Yahoo Finance’s Brian Cheung, Julie Hyman, and Myles Udland break down the latest jobless claims number.
MYLES UDLAND: But we begin this morning with jobless claims. Brian Cheung here to tell us about another 744,000 Americans filing for claims. Brian, and I ask, at what point are we going to see these numbers materially move down? As we see here on the chart, stubbornly high is a way to say the state of this claims data really for the last several quarters.
BRIAN CHEUNG: Yeah, and the direction of it is not going in the right way. 744,000 would be a tick up from the 728,000 that we saw in the week prior. And it's actually the highest level that we've seen in these initial jobless claims, since mid-March.
So again, the number is 744,000 for the week ended April 3. That is compared to the Street's estimates of 680,000. So a pretty substantial miss on that front.
Now, of course, these numbers are fairly noisy, because of the frequency of it. It comes out weekly. And it's important to remember also that this figure does not include people who are out of contract or gig work.
And when you look at the so-called pandemic, unemployment assistance claims that covers those people, you do get another 151,000 people turning to help in the last week. And when you look at those that have returned for another round of unemployment insurance-- what they call the continuing claims-- there are still over four million people that are relying on those unemployment insurance safety nets on a not-seasonally adjusted basis.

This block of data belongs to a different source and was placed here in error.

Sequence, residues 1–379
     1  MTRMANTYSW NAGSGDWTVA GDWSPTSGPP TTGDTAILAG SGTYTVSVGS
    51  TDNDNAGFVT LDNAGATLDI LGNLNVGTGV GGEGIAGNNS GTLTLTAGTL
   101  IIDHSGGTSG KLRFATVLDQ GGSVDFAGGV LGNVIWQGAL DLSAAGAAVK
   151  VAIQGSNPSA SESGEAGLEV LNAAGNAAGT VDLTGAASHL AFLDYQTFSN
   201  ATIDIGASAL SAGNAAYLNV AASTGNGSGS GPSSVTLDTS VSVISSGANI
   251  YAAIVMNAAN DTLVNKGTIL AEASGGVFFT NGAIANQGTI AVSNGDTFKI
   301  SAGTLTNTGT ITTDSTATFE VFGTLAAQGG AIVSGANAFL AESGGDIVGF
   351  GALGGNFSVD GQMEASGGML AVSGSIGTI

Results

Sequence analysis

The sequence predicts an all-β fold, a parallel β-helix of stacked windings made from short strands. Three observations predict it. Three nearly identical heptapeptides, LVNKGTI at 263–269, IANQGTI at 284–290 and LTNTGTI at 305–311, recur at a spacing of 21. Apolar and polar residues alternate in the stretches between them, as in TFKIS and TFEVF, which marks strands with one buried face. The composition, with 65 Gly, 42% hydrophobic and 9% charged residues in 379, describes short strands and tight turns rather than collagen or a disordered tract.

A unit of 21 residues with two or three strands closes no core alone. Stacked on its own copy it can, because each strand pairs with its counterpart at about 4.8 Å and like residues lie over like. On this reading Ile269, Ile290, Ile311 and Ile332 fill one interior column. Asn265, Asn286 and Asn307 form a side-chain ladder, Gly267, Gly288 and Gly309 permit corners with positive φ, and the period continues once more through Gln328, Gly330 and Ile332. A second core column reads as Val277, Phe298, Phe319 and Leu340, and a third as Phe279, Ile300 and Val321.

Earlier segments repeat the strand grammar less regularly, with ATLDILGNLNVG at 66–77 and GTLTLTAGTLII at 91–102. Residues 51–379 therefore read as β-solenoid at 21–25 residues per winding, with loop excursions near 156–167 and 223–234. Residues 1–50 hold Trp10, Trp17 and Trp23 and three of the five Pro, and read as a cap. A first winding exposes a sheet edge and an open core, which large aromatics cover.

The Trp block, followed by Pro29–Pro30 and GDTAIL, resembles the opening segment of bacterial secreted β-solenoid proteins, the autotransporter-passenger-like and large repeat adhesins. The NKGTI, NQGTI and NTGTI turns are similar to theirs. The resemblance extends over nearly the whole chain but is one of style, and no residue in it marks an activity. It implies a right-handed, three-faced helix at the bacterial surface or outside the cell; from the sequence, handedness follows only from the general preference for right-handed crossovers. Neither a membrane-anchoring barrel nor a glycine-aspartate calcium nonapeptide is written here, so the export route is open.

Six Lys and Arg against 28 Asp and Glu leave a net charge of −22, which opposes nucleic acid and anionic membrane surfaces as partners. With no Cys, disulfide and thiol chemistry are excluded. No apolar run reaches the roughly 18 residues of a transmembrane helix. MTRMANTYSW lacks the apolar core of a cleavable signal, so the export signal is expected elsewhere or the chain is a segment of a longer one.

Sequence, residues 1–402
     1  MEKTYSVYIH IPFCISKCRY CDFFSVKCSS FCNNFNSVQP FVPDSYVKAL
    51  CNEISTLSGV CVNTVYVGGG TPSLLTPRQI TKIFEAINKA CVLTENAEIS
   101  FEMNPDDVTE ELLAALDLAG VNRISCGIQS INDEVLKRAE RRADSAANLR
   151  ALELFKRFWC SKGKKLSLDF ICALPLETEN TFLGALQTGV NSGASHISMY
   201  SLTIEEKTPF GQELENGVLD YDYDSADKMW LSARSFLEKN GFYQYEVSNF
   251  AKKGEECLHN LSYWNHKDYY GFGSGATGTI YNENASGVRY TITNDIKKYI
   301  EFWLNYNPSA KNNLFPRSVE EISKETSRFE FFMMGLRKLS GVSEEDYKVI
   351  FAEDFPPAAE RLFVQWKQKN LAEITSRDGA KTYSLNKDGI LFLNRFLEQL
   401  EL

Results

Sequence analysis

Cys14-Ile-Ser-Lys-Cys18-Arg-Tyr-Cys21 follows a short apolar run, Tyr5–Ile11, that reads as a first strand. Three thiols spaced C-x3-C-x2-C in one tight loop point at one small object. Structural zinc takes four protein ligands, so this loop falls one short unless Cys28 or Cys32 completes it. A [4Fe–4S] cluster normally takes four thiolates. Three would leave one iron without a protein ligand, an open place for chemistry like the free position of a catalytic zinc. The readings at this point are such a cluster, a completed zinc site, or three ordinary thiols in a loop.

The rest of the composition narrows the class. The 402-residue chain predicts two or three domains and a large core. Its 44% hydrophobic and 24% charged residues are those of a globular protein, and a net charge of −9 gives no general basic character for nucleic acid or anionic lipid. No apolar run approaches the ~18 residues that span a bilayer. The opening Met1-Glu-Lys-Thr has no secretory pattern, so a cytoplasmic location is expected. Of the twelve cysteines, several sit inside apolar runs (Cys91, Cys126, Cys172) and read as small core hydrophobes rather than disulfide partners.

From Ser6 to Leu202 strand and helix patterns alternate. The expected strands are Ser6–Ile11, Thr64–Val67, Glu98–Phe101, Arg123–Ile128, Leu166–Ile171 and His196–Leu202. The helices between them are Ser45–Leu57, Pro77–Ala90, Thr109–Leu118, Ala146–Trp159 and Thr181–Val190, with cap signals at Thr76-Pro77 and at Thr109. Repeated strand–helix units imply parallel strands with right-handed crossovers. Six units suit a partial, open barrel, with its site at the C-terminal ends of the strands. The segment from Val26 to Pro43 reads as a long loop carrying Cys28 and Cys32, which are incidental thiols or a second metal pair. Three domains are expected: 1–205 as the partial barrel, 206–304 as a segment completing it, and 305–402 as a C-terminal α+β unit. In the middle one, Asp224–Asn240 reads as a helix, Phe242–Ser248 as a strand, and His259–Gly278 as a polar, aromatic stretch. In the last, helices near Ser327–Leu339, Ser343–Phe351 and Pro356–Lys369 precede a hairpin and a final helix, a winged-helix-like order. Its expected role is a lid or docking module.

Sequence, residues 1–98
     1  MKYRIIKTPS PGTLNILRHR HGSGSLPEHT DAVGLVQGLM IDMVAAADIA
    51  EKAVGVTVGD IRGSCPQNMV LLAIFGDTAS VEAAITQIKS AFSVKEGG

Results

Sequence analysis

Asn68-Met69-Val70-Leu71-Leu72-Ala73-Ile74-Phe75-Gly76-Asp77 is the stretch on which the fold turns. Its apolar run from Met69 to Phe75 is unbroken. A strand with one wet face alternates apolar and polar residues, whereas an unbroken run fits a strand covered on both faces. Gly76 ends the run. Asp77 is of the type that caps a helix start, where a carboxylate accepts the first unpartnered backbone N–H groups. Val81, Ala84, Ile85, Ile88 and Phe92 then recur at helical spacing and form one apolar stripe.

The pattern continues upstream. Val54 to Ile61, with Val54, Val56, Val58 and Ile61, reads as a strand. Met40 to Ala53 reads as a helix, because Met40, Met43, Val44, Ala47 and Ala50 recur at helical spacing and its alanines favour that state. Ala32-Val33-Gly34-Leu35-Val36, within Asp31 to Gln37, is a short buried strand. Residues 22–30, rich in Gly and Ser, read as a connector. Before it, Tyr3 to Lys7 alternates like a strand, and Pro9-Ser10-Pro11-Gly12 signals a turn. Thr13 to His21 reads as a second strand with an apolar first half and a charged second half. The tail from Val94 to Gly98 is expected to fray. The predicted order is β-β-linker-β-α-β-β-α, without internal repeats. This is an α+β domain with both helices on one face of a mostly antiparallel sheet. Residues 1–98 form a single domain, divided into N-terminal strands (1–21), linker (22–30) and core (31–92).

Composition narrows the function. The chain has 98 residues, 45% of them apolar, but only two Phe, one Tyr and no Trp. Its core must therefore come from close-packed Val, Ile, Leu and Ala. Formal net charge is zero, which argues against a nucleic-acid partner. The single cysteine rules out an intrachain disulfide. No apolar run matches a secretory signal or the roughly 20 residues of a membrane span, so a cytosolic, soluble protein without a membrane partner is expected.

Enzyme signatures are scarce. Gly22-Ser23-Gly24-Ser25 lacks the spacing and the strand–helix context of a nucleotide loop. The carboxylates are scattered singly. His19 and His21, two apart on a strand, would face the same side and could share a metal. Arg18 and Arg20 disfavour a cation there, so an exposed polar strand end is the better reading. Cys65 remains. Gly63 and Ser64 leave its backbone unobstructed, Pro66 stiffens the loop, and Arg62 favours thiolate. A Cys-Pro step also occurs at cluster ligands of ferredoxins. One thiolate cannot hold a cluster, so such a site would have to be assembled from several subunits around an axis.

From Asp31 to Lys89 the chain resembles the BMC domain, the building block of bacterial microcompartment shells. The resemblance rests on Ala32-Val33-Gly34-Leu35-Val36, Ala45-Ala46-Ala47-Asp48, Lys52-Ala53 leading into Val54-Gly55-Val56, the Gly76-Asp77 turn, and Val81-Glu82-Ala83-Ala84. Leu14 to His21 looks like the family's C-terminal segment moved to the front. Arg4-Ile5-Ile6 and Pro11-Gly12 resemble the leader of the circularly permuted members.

We haven't broken through that four million figure quite yet. That's been a climb down-- I want to point out-- obviously, from the 23 million that we had been seeing in the teeth of the pandemic last year. But it's a sobering reminder that at four million, we're still about double the normal levels of continuing claims that we would expect to see in the before times, if you want to call it that. So long story short on this Thursday morning, the Department of Labor showing that we are, indeed, seeing some of those jobless claims tick up and that there's still definitely some room to go, in terms of getting this economy back to full employment.
JULIE HYMAN: Hey, Brian, as we look at these numbers-- and I know there's also various quote, unquote, "noisiness" in the numbers. But if you look at this, and you try to get a full picture of employment by looking at the monthly jobs numbers, and jolts, and all the other various ISM-- various employment measures we get-- like, how does this fit into that picture?
BRIAN CHEUNG: Well, I think there's definitely been a change, just in terms of the market sensitivity to the jobless claims. I mean, we all remember those beginning, early months of the pandemic in the spring last year, where it seemed like the Thursday morning release was the most important piece of economic data that we were getting. Now, obviously, as a number of other factors kind of weighed on the economy, as we got later into the pandemic-- factors like trying to reopen, factors like the vaccines themselves-- we started to pay attention and kind of front run the types of lagging data like this and kind of more towards leading indicators, like inflation expectations and the like. Which is why I think maybe there's been a kind of pulled back focus on these types of numbers.
But of course, it's still important to look at these unemployment insurance claims, just because it does tell us, even though we're a year out from the pandemic, there's still millions of people. And then, like I said, double the amount of people returning to jobless claims a year after the pandemic that are still relying on this really important safety net. Which I think also, by the way, underscores the importance of the expansion of these unemployment claims, as we saw through the last round of stimulus. So a very sobering reminder that there's still definitely a long way to go at least for right now.
MYLES UDLAND: All right, this is Brian Cheung with the latest look at the labor market. Talk to you later on, as we get through the month of April.